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MSG-4 contract means sunny outlook for European weather forecasting


The contract for a fourth Meteosat Second Generation (MSG) spacecraft was signed today, ensuring continuity of European meteorological satellite services with the delivery of data for weather forecasting, climate and the environment for many years into the future.

The contract and cooperation agreement for construction of the MSG-4 satellite were signed at ESA Headquarters in Paris by Jean-Jacques Dordain, ESA Director General, Lars Prahm, EUMETSAT Director General, and Pascale Sourisse, Chief Executive Officer of Alcatel Space.

French firm Alcatel Space is prime contractor for MSG-4 while EUMETSAT will finance, launch and operate the satellite. ESA is responsible for managing the satellite construction contract with industry. The price of the MSG-4 satellite contract is €135 million, calculated at December 2001 economic conditions, with delivery expected in 2007. “This is another excellent example of ESA’s commitment to utilitarian activities, developing space systems to support public services for the benefit of citizens in Europe and other parts of the world,” said ESA Director General Jean-Jacques Dordain.

Since ESA launched Meteosat-1 into geostationary orbit 36 000 km above the Earth in 1977, this system of satellites supplying continuous images and data for weather forecasting, climate and the environment has become an integral part of European life. Millions of us see Meteosat images in our television weather reports every day.

In December 1995, when the seventh Meteosat was launched, operational control of the system was transferred from ESA to EUMETSAT - the European Organisation for the Exploitation of Meterological Satellites, based in Darmstadt, Germany. Product and services from EUMETSAT’s satellites make a significant contribution to weather forecasting and to the monitoring of the global climate. ESA and EUMETSAT jointly decided not only to continue the Meteosat system but to enhance it with an improved satellite design called Meteosat Second Generation. The new satellite acquires images of the Earth’s surface and clouds in sharper resolution across a wider range of wavelengths and at more frequent intervals than the imagers aboard its Meteosat predecessors.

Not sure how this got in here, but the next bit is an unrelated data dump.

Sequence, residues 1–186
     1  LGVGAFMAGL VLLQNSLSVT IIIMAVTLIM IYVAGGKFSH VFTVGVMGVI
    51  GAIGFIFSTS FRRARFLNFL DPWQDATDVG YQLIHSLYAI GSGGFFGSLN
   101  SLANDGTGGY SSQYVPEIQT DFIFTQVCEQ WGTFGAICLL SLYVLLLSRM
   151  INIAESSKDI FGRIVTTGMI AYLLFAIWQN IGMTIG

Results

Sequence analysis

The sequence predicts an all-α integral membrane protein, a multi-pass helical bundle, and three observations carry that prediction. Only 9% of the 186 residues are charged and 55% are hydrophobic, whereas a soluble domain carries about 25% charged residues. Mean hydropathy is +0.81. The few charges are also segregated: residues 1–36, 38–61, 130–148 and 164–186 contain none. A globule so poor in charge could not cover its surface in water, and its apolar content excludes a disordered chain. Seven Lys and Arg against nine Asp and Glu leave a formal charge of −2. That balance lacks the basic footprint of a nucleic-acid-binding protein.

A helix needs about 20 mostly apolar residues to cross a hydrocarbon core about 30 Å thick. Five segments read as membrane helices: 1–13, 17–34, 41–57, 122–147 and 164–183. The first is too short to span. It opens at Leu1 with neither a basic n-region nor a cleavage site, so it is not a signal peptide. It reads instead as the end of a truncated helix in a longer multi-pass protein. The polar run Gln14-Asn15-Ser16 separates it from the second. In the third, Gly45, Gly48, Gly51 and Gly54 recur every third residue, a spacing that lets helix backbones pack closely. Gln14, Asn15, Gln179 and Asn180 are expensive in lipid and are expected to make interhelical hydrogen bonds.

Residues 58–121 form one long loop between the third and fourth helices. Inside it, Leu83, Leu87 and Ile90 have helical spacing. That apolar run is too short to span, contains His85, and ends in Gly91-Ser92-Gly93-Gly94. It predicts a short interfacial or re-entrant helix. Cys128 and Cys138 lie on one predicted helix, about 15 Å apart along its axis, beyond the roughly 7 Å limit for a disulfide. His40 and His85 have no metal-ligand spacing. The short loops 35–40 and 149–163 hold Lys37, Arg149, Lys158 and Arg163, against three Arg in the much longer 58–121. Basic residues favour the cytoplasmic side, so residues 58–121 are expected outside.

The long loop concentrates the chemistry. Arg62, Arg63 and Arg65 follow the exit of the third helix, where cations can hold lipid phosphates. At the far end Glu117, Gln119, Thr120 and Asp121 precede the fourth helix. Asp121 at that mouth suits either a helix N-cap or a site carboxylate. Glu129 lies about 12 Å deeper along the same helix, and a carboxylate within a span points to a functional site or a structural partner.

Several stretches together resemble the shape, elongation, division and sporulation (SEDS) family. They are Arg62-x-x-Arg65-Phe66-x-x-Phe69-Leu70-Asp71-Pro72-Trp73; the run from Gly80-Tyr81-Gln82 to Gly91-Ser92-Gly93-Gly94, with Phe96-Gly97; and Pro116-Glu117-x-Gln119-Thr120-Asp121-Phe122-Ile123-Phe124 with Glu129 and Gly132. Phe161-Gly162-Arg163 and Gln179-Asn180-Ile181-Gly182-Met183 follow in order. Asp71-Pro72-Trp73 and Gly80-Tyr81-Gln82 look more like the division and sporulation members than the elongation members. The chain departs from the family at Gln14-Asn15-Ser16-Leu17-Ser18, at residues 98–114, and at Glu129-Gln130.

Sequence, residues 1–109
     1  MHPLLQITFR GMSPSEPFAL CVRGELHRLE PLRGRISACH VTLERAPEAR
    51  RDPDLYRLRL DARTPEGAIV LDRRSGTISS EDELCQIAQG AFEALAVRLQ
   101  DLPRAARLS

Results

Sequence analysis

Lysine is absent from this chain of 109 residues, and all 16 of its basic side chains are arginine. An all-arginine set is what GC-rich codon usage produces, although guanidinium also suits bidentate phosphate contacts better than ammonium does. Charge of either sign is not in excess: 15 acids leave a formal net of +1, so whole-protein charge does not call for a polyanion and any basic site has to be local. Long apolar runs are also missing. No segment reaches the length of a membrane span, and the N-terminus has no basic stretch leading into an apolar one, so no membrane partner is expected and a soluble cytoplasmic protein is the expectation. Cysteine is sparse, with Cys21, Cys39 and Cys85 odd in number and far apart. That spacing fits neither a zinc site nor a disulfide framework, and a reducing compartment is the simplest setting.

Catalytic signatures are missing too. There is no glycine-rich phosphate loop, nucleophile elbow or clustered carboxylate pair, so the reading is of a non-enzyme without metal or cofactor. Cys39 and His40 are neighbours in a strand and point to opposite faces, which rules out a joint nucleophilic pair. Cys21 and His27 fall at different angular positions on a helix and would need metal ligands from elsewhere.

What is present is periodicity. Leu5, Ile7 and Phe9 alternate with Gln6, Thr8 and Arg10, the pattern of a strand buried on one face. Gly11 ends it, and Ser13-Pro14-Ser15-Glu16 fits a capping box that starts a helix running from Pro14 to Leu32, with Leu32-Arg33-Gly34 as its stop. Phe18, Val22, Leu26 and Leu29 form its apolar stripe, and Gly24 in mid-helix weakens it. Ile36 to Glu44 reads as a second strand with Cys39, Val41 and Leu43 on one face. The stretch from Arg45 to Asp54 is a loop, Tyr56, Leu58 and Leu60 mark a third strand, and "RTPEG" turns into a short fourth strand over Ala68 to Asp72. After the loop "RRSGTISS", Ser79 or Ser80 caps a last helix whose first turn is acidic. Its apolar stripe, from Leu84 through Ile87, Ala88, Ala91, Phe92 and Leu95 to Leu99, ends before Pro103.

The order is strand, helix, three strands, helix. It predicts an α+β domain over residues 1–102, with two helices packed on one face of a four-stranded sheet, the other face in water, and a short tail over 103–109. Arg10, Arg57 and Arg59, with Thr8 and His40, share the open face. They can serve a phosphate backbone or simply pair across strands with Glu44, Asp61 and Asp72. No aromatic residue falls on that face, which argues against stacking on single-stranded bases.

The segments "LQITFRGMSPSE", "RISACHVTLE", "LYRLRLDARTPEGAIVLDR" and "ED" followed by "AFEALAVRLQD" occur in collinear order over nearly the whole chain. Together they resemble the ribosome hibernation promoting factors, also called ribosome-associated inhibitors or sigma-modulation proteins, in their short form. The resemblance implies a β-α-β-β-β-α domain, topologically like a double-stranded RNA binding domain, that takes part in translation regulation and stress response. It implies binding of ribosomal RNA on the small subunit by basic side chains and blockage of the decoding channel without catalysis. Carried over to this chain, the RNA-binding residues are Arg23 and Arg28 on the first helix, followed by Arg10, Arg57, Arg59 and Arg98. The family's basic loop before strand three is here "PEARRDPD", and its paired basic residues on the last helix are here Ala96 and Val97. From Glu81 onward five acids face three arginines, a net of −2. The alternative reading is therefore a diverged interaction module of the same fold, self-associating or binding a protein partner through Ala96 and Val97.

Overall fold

To date three MSG satellites have been constructed. The first, MSG-1, was launched on 28 August 2002 and in January this year started routine operations, as Meteosat-8 to mark its formally becoming part of the Meteosat family. The follow-on satellites in the series are MSG-2, MSG-3 – and now MSG-4. MSG-2 is scheduled for launch in June 2005, explained Lars Prahm, EUMETSAT’s Director General "It will be placed in a parking orbit until needed to take over its sister satellite’s duties, waiting in the wings to ensure seamless continuity of service. Collectively the three MSGs are projected to provide up to 15 years of meteorological coverage, and with today’s addition of MSG-4 this figure will be significantly extended."

The close cooperation between ESA and EUMETSAT is due to bear fruit in another area at the end of 2005, when the first of three Metop satellites is to be launched into low-Earth polar orbit. Replacing a service previously supplied by the US National Oceanic and Atmospheric Administration (NOAA), the Metop series is a joint undertaking between ESA and Eumetsat, and forms the space segment of EUMETSAT’s Polar System (EPS).

Metop will carry a number of European and American instruments to measure temperature, humidity, wind speed and direction and also atmospheric ozone. The mission is Europe’s first-ever polar orbiting satellite dedicated to operational meteorology.

Franco Bonacina | alfa
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